2057: Identification of the Genetic Cause of Corneal Ulcers
Grant Status: Closed
Spontaneous chronic corneal epithelial defects (SCCEDs) describe an eye disorder characterized by chronic corneal ulcers that fail to undergo normal healing. The predilection of certain breeds suggests that SCCEDs is inherited. Affected dogs develop spontaneous corneal ulcers that are often exceptionally painful and persist for weeks to months. Most dogs require surgical therapy to heal the corneal ulcer and experience corneal scarring as a result. Although SCCEDs can be effectively treated, some dogs develop additional episodes of corneal ulcers during their lifetime. The impact on the quality of life for dogs during episodes of ulceration has led to increased interest in disease prevention. However, since SCCED is an adult onset disease, many dogs are selected for breeding before they are diagnosed. A blood test that could identify affected animals before they are used for breeding would greatly decrease the prevalence of SCCEDs. Dr. Montgomery will use a genome wide association approach to identify an association of a genetic region to SCCEDs. They will then more closely evaluate the chromosomal region of interest to determine the gene and ultimately the causative genetic mutation. They believe that the identification of a genetic cause for SCCEDs can be used to reduce the prevalence of this disease in multiple affected breeds.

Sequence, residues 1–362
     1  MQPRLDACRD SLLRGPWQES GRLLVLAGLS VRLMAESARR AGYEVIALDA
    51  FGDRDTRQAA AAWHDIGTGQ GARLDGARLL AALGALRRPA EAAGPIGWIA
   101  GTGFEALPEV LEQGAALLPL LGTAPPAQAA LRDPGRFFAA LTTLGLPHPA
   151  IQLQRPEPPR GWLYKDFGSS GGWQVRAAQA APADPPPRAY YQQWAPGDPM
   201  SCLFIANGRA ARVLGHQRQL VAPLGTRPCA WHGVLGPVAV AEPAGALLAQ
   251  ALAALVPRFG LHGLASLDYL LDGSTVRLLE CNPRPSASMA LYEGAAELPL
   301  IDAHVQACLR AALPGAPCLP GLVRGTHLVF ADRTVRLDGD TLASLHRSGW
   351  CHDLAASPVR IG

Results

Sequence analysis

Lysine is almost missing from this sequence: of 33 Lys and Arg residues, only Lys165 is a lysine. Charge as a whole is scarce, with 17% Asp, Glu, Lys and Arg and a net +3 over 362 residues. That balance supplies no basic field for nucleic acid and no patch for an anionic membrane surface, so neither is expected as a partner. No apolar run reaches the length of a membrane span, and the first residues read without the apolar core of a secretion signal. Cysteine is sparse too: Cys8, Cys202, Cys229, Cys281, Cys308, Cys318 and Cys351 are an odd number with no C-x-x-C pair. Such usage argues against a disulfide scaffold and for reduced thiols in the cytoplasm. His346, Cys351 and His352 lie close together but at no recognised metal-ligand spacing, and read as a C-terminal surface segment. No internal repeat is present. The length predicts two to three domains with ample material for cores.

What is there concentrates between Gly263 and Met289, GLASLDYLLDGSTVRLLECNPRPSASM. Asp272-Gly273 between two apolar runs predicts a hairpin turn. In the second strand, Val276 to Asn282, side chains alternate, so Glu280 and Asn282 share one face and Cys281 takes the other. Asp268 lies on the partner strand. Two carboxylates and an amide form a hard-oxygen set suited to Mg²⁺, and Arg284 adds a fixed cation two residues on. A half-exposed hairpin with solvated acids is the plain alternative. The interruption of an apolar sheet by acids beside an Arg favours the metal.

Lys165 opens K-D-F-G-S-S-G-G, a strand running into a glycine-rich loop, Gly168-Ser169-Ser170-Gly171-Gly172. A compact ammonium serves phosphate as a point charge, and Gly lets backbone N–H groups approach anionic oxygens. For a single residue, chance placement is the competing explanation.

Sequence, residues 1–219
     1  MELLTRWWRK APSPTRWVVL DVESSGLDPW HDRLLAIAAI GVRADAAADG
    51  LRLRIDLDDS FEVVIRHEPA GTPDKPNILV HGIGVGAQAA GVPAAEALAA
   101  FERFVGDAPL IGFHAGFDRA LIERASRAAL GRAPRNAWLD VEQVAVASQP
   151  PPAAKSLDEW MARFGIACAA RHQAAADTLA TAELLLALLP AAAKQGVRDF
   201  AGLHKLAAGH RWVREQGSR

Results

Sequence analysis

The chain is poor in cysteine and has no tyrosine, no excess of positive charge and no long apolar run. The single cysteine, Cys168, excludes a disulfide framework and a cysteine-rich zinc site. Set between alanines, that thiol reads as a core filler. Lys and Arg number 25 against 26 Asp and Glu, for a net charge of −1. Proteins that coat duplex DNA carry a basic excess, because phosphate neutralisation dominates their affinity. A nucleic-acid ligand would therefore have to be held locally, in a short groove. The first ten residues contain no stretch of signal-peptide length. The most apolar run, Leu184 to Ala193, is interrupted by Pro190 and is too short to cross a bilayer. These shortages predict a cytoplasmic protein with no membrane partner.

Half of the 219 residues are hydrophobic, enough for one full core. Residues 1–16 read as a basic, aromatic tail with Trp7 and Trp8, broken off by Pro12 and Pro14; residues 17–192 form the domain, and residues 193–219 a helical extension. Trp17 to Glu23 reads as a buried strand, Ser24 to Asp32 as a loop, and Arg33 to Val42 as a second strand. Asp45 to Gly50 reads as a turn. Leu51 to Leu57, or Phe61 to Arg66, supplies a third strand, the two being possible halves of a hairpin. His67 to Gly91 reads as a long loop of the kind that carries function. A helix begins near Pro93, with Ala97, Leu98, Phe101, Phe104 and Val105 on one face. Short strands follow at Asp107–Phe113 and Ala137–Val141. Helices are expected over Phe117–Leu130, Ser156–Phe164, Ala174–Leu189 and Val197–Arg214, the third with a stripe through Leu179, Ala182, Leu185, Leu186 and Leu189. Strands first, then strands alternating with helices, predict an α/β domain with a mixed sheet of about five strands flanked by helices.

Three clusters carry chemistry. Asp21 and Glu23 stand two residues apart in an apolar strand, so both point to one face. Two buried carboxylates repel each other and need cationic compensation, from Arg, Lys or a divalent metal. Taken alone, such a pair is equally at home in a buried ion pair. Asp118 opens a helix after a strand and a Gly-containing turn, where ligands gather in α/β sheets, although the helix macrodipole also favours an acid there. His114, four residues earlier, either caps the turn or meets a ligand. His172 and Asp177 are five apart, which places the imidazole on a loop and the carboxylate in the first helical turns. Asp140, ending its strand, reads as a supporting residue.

None at this time.
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